Don't Take Out The Tares!
August 30, 2009
日本キリスト教団 頌栄教会牧師 清弘剛生 Pastor Takao Kiyohiro, Shoei Church, Church of Christ, Japan
Translator M.A.F., Indiana, USA
1. Today I read to you from a parable that Jesus gave. It is "The Parable Of The Tares." This story is only written in The Gospel According To Matthew. We didn't go into it in today's scripture reading, but in verses thirty-six and following Jesus gives an explanation for this parable.
Hearing It As A Story Of The World
2. The parable itself is quite simple. A certain person sowed good seed into a field. [He] sowed wheat seeds. Then when everyone was asleep, the enemy came and sowed tares, (a poisonous wheat-looking weed). You can't tell the difference between the "bad wheat" and the good wheat unless it grows to some point. About when it reached maturity, the servants noticed the disaster. It's not like the weeds had gotten mixed in by chance. Clearly, an abnormal amount of tares have sprouted up. The servants reported it to the owner. "How did the tares get in?" The master said, "It is the doing of the enemy."
3. A tare is a harmful plant. So, the servants wanted to pull them out as quickly as possible. However, the owner says, "No, when you are gathering up the tares, you may pull out wheat with it. Let them both keep growing together until the harvest! At harvest time, order those doing the harvesting, and tell them, 'First gather the tares, tie them in bundles to be burned, and then gather the wheat and put it into the barns.'," (verses twenty-nine and thirty). This is the story Jesus told.
4. Let's listen to Jesus' explanation next. He says in verse thirty-eight that "The field is the world." And in verse thirty-nine he says, "The enemy who had sowed the tares is the devil." The devil is planting tares in this world. -- Okay, now that he mentioned it, I can see what he meant. As is plain for anyone to see, it is not only things identified as good wheat that are growing in this world. Tares certainly do exist. What's worse, they are growing vigorously.
5. In fact, things that look like the doings of the devil do come about. How can such things go on? How can such things be allowed? Why are such people allowed to go unchecked? Why do the guys doing the bad things grow in power, and the honest feel like idiots? There were also persons in the times of the Old Testament who had these same doubts, for example, the author of Psalm seventy-three has sung it as follows. "Looking at the tranquility of those who go against God, I am jealous of those who are proud. Until they die they do not know suffering, and their bodies also grow fat," (Psalm 73:3-4). And so it seems, that at times, the tares grow better than the good wheat.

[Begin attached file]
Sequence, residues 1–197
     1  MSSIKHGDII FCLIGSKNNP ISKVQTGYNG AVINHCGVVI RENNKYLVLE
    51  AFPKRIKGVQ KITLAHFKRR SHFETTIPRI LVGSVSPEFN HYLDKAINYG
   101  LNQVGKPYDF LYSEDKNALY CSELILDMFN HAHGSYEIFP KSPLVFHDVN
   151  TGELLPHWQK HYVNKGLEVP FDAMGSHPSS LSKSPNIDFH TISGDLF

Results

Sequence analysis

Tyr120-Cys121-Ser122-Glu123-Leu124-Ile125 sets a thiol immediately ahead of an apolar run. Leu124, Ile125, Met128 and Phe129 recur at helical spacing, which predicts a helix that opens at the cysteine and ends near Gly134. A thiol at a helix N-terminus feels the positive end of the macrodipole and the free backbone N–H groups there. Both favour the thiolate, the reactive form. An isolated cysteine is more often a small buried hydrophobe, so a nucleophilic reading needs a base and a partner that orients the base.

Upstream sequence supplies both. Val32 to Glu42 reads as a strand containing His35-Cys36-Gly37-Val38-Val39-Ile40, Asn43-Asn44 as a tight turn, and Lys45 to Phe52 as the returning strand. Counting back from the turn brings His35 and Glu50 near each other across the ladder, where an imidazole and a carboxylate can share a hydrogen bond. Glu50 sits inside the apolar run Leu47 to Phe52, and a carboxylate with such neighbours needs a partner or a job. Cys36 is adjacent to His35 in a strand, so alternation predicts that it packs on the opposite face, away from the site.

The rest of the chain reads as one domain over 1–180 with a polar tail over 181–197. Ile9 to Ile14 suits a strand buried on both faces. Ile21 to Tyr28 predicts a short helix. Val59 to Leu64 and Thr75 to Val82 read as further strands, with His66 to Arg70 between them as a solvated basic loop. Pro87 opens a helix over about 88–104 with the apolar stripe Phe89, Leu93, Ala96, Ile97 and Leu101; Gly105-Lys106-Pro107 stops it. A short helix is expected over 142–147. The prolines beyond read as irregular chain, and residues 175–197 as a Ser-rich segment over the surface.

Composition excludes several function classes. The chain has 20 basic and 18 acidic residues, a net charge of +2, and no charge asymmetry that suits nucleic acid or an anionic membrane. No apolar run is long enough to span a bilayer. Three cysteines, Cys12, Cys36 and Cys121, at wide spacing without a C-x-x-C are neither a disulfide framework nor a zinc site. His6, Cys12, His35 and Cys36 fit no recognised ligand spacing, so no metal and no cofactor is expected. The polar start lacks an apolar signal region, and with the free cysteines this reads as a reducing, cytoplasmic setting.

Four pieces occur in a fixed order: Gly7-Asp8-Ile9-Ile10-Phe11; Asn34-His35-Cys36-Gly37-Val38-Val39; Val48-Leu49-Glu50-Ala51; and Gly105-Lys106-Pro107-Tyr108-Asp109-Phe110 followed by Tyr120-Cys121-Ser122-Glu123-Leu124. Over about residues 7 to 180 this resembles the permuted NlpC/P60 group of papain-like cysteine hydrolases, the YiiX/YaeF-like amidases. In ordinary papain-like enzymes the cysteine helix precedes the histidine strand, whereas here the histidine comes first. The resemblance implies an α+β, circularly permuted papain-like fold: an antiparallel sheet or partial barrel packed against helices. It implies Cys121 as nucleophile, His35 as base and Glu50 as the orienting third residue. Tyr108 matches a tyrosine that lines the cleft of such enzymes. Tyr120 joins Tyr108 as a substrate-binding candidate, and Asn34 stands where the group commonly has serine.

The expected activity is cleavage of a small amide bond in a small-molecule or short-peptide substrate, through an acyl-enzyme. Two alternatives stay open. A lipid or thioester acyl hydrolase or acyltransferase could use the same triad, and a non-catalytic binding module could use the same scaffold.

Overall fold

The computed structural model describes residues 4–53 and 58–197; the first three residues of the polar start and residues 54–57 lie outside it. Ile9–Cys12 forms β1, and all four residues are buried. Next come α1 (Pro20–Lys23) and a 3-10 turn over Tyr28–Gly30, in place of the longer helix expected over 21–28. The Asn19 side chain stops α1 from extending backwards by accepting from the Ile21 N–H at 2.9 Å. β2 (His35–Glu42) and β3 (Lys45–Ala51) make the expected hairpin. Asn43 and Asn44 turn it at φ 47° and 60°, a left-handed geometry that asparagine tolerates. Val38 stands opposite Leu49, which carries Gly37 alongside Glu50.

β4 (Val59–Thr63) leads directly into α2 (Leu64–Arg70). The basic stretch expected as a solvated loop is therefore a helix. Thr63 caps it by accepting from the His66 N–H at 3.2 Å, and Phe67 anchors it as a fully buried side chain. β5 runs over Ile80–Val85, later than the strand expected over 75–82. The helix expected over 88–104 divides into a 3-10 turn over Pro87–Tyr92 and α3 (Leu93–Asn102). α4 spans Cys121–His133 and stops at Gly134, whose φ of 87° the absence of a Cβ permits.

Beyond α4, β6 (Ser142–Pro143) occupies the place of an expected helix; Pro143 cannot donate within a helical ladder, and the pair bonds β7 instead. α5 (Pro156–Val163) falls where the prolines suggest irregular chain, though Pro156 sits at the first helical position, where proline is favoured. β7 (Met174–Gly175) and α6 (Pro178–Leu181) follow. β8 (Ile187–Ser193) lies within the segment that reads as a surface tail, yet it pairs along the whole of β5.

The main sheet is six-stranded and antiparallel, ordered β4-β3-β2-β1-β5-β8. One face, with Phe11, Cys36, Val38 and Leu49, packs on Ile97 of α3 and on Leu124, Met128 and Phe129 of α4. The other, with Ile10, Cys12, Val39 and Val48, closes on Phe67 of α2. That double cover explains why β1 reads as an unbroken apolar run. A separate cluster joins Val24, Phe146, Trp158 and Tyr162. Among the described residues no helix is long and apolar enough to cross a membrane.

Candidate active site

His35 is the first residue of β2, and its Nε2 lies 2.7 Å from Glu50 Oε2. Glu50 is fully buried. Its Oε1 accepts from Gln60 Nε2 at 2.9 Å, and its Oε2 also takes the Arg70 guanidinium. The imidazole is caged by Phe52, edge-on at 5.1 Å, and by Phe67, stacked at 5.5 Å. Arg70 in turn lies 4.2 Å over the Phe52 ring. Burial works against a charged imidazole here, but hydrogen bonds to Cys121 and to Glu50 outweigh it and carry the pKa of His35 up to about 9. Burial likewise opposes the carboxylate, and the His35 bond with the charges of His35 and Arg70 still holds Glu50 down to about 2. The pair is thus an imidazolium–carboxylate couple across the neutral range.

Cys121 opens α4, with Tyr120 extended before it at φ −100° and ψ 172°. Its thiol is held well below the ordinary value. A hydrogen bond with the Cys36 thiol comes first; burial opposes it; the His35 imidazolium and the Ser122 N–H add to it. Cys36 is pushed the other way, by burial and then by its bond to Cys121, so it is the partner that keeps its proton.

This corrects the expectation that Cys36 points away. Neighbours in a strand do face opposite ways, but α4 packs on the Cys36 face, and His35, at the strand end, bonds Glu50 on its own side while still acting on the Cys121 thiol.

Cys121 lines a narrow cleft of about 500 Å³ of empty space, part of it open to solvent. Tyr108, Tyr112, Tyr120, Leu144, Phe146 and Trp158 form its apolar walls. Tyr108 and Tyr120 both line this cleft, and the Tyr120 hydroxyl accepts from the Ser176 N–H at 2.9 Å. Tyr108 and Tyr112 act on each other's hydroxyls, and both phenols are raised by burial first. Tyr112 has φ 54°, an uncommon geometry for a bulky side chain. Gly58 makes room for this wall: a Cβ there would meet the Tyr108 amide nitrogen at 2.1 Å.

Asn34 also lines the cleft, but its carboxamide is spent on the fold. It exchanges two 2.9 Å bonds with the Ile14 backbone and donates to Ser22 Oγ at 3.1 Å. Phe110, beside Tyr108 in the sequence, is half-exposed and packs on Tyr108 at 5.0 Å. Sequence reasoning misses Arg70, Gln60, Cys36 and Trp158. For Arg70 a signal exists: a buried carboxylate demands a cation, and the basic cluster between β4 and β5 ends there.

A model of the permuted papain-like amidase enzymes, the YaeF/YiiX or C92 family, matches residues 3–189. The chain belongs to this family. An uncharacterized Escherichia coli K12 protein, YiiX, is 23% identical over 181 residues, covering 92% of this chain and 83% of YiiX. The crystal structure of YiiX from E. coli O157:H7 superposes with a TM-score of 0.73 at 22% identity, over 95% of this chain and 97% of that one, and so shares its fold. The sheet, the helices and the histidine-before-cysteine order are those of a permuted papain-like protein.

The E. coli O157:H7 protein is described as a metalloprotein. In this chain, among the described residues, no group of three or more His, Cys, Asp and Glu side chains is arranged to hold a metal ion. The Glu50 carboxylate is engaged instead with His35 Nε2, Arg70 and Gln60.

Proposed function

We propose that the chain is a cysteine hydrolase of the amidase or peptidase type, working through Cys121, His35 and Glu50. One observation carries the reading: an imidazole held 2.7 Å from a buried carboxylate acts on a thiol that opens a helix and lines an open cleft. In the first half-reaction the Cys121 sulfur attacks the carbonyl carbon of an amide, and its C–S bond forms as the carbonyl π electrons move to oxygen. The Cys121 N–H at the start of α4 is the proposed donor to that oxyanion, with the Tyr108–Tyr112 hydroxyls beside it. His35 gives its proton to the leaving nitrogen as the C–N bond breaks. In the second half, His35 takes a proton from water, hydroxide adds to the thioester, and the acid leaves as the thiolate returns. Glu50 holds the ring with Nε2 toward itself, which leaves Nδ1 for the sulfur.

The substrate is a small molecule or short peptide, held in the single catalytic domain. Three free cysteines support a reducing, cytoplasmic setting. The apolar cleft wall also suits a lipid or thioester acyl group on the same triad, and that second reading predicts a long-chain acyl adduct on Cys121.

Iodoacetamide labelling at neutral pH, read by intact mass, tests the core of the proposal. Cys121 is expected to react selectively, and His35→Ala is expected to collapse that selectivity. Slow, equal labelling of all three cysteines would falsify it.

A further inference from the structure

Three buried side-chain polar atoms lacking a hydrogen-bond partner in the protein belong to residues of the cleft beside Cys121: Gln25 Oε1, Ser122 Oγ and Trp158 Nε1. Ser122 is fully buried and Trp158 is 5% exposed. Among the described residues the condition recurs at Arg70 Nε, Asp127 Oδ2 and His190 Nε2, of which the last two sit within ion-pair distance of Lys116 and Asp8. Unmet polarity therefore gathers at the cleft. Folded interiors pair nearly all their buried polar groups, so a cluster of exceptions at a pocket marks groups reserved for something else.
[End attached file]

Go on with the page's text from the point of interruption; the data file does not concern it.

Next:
6. But the scripture is not just speaking on sown seeds and their growth. It is also speaking in regard to the time of the harvest. Please look at verse thirty-nine. "The harvest is the end of the world," says the scriptures. That means that this world just the way it is will not last forever. The time of the harvest is coming. The hour in which [the world] will come to a conclusion is coming. The tares will be gathered up and burned up in the fire. That is, ultimately, God will judge righteously. God will execute justice. This is plainly the first meaning to the parable that Jesus gave.
Hearing It Especially As A Story Of The Church
7. Yet, it seems to me that we need to hear this parable as being a bit more for us. I say that because the text here says that "The one who sows the good seed is the son of man," (verse thirty-seven). The one called "the son of man" is Christ. It is speaking of Christ's seed-sowing. It says, "The field is the world." However, it is in the world but "the church" in particular is where the seed-planting of Christ is affected. By means of this parable, we must think in particular about "the church." When we do that, then in a blink, it will be a message close to where we are. So, as we think about ourselves here in this church, let's project ourselves into this parable. Okay then, where do you think you go in it?
8. Some may hear the words of Jesus and put themselves in with "the tares." "I go to church, however, as seen by God, I'm probably really a tare. I've been baptized, however, I'm probably a tare. I'm really questioning whether, essentially, there is that big of a difference between me and the bad guys in this world. If that's the case, then even though I'm practicing the church life, ultimately, won't I be gathered up like a tare and burned up in the fire?" -- When we put ourselves in with "the tares" in this way, then this parable becomes very terrifying.
9. On the other hand, some may hear this parable and place themselves in with "the good wheat." If you are putting yourself in with "the good wheat," then things might sound like this. "There are, there are, there certainly are tares! There are even some in this church, you know. That guy over there and this guy here are definitely tares. They are putting on a good appearance in church right now, however, ultimately, definitely, they will be burned up in the fire. You can bank on it." How do you see it? If the church is only people who think like that and put themselves with the good wheat, then it sounds pretty messed up, doesn't it?
10. But yet, it's still good. "Servants" also appear in this parable. [They say,] "So let's go and take them out!" When you put yourself in the place of the servants, then things might have sounded like that. As seen from the servants' perspective, they must take out the tares as quickly as possible because it may bring harm to the good wheat. They can't stay quiet and do nothing. They can't be still. One way or the other they gotta deal with it right away!
11. In this way then, the thoughts, "The tares in the church must not be left unattended. We have to take them out. The church must be a church of only good wheat," have repeatedly appeared in church history. It is not unusual for the church to be saying the same thing as these servants. Therefore, the church has at times ended up driving out anybody who looked like a tare. Or else if they couldn't do that, then they would leave themselves and try to build a pure "church of good wheat."